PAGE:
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Collapsed Baltimore bridge span comes down with a boom

BALTIMORE — Crews set off a chain of carefully placed explosives Monday to break down the largest remaining span of the collapsed Francis Scott Key Bridge in Baltimore, and with a boom and a splash, the mangled steel trusses came crashing down into the river below.

The explosives flashed orange and let off plumes of black smoke upon detonation. The longest trusses toppled away from the grounded Dali container ship and slid off its bow, sending a wall of water splashing back toward the ship.

It marked a major step in freeing the Dali, which has been stuck among the wreckage since it lost power and crashed into one of the bridge's support columns shortly after leaving Baltimore on March 26.

The collapse killed six construction workers and halted most maritime traffic through Baltimore's busy port. The controlled demolition will allow the Dali to be refloated and restore traffic through the port, which will provide relief for thousands of longshoremen, truckers and small business owners who have seen their jobs impacted by the closure.

Officials said the detonation went as planned. They said the next step in the dynamic cleanup process is to assess the few remaining trusses on the Dali's bow and make sure none of the underwater wreckage is preventing the ship from being refloated and moved.

"It's a lot like peeling back an onion," said Lt. Gen. Scott Spellmon of the U.S. Army Corps of Engineers.

Officials expect to refloat the ship within the next few days. Then three or four tugboats will guide it to a nearby terminal at the port. It will likely remain there for a several weeks and undergo temporary repairs before being moved to a shipyard for more substantial repairs.

"This was a very big milestone for our progression forward," Col. Estee Pinchasin, Baltimore District Commander for the Army Corps of Engineers, said in the immediate aftermath of the demolition. She said crews don't anticipate having to use any more explosives.

The Dali's crew remained on board the ship during the detonation, and no injuries or problems were reported, said Capt. David O'Connell, commander of the Port of Baltimore.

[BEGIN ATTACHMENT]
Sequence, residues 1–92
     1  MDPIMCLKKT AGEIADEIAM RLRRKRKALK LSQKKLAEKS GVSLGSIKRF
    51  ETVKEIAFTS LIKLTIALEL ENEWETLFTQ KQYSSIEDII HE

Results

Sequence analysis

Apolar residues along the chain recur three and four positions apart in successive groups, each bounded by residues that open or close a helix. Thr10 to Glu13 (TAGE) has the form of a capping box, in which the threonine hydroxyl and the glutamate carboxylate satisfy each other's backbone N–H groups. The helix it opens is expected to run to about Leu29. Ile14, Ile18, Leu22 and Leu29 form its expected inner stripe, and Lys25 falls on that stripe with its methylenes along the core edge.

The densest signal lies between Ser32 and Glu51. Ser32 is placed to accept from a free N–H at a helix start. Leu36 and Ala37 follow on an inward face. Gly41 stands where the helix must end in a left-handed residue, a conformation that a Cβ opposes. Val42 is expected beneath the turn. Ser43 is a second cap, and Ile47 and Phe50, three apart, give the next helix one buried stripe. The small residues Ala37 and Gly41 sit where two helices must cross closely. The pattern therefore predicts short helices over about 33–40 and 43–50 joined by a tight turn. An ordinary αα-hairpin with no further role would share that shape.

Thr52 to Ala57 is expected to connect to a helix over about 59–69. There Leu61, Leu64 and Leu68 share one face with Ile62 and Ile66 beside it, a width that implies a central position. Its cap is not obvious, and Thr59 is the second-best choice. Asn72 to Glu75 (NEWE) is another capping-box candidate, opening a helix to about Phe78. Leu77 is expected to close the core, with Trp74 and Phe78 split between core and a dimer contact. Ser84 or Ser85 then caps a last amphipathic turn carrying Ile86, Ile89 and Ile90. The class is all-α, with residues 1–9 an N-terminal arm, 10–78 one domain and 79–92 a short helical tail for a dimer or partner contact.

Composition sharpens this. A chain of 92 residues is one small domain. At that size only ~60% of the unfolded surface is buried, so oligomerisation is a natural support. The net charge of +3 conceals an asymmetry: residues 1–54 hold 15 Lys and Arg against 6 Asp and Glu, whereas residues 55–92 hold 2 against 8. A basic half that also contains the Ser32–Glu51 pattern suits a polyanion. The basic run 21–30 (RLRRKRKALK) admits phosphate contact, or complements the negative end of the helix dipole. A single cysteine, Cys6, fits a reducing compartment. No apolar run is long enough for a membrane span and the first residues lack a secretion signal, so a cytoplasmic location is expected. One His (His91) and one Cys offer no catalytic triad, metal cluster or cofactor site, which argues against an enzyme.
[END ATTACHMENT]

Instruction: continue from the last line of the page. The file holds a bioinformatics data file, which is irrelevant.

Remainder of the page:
The crew members haven't been allowed to leave the grounded vessel since the disaster. Officials said they've been busy maintaining the ship and assisting investigators. Of the crew members, 20 are from India and one is Sri Lankan.

Engineers spent weeks preparing to use explosives to break down the span, which was an estimated 500 feet (152 meters) long and weighs up to 600 tons (544 metric tons). The demolition was postponed Sunday because of thunderstorms.

"This is a best practice," Gov. Wes Moore said at a news conference Monday, noting that there have been no injuries during the cleanup to date. "Safety in this operation is our top priority."

Fire teams were stationed in the area during the explosion in case of any problematic flying sparks, officials said.

In a videographic released this week, authorities said engineers were using precision cuts to control how the trusses break down. They said the method allows for "surgical precision" and is one of the safest and most efficient ways to remove steel under a high level of tension. Hydraulic grabbers will now lift the broken sections of steel onto barges.

The National Transportation Safety Board and the FBI are conducting investigations into the bridge collapse. Officials have said the safety board investigation will focus on the ship's electrical system.

Danish shipping giant Maersk had chartered the Dali for a planned trip from Baltimore to Sri Lanka, but the ship didn't get far. Its crew sent a mayday call saying they had lost power and had no control of the steering system. Minutes later, the ship rammed into the bridge.

State and federal officials have commended the salvage crews and other members of the cleanup operation who helped recover the remains of the six construction workers. The last body was recovered from the underwater wreckage last week. All of the victims were Latino immigrants who came to the U.S. for job opportunities. They were filling potholes on an overnight shift when the bridge was destroyed.

Officials said the operation remains on track to reopen the port's 50-foot (15-meter) deep draft channel by the end of May. Until then, crews have established a temporary channel that's slightly shallower. Officials said 365 commercial vessels have passed through the port in recent weeks. The port normally processes more cars and farm equipment than any other in the country.

Former House Speaker Nancy Pelosi, a Baltimore native whose father and brother served as mayor decades ago, compared the Key Bridge disaster to the overnight bombardment of Baltimore's Fort McHenry, which long ago inspired Francis Scott Key to write "The Star-Spangled Banner" during the War of 1812. She said both are a testament to Maryland's resilience.

Pelosi, a Democrat who represents California's 11th district, attended Monday's news conference with two of her relatives. She praised the collective response to the tragedy as various government agencies have come together, working quickly without sacrificing safety.

"Proof through the night that our flag was still there," she said. "That's Baltimore strong."

Copyright 2024 NPR

The Associated Press